In “Java Heat,” Kellan Lutz — of “Twilight” fame — plays an American in Indonesia who teams up with a local cop (Aria Bayu) to stop a terrorist (Mickey Rourke). The film showcases Lutz’s physicality as he gets to shoot guns and run, jump and dive as well as show off his physique. On a break (and admittedly exhausted) from training in Bulgaria for the upcoming “Hercules,” Lutz chatted with us about making the film.
How much of the stunt work did you get to do?
One of the things that drew me to the project was the chance to do my own stunts. There’s a scene of rolling down the stairs in the temple. I wanted to do this, but the stunt guys said they’ve split their head open doing it. So I didn’t, and they did, and I’m glad I didn’t have to do that. I liked getting Tasered, though. I’ve done that in a couple of movies.
What can you say about being an action hero?
Doing action is one of my strengths as an actor. I enjoy being the hero and blowing stuff up. Shooting the gun in the Mexican standoff in “Java Heat” was tough. You don’t want to blink — because it shows weakness — but it’s nature to blink when firing a gun. I couldn’t do it without blinking.
There are a lot of opportunities for you to show off your body.
It’s another strength I’ve been given. If nudity is called for, and what people want to see, I’m fine doing it. But I don’t walk down the street with my shirt tucked in my pants or run on the beach with my shirt off to [attract attention]. I think it helped to be a model — shooting Calvin Klein made me more comfortable and free with my body.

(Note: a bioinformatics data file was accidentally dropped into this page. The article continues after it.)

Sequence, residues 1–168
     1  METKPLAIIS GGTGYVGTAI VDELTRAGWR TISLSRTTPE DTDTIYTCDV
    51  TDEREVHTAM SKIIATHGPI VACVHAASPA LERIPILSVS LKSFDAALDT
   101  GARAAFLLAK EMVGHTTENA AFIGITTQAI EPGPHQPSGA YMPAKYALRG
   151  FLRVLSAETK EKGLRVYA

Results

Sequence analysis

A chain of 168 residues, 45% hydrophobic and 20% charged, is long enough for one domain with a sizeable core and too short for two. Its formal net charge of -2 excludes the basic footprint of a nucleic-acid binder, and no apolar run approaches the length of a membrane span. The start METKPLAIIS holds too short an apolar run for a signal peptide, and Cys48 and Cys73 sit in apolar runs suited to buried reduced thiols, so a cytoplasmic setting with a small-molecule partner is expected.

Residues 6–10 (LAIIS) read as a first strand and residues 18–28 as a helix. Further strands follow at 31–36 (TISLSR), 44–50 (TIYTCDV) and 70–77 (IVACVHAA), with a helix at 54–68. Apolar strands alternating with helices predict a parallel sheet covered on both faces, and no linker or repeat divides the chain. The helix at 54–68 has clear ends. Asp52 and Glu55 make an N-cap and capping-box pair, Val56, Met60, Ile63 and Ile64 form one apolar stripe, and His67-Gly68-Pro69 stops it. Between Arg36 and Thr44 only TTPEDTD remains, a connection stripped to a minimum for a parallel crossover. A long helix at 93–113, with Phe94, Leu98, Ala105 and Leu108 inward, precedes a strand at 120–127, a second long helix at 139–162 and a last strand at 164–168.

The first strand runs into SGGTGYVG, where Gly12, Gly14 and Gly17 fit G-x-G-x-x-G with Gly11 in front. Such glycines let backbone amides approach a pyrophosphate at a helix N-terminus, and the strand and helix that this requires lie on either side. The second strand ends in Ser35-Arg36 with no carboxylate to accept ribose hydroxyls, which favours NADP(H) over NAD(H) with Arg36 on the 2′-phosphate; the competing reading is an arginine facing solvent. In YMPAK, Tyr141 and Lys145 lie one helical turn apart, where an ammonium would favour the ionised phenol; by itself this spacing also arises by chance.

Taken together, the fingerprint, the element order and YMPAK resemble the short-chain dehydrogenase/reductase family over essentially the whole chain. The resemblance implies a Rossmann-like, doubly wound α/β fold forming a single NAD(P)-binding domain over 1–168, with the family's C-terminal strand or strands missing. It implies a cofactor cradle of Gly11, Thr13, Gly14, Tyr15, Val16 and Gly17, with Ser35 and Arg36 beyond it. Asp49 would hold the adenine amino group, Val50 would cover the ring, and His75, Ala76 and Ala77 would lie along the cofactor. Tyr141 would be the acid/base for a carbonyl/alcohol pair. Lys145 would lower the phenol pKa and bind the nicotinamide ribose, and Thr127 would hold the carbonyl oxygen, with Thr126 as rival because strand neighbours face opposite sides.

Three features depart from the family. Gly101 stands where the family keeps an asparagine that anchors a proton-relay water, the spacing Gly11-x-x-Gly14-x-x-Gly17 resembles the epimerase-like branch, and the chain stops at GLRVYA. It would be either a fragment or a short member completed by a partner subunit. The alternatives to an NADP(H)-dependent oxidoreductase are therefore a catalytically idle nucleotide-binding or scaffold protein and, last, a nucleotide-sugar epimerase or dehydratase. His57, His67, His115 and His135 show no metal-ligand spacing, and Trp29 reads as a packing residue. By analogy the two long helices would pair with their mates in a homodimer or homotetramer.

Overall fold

What part of your role — an ex-Marine turned FBI/cop posing as a college TA — did you identify with most?
I have to say the Marine. I really enjoy armed forces projects. My brother is in the Army, and I was close to joining the Navy to become a Navy Seal. I have a passion for the military — they were the heroes I had growing up. I played with Ninja Turtles and He-Man and Hercules and Power Rangers. I didn’t watch movies. For me, it was army shows and the Marines in their fatigues that were really cool.
Your character in the film is told to listen and not talk. Are you the strong, silent type?
In life, I see myself as an extrovert. But people are now calling me quiet and reserved. I don’t open up to many people, but I am outgoing. I am always pondering. I try to be in the moment fully. Usually, I’m the opposite of Jake — not a bull in a china shop, but more like a chess player thinking three steps ahead.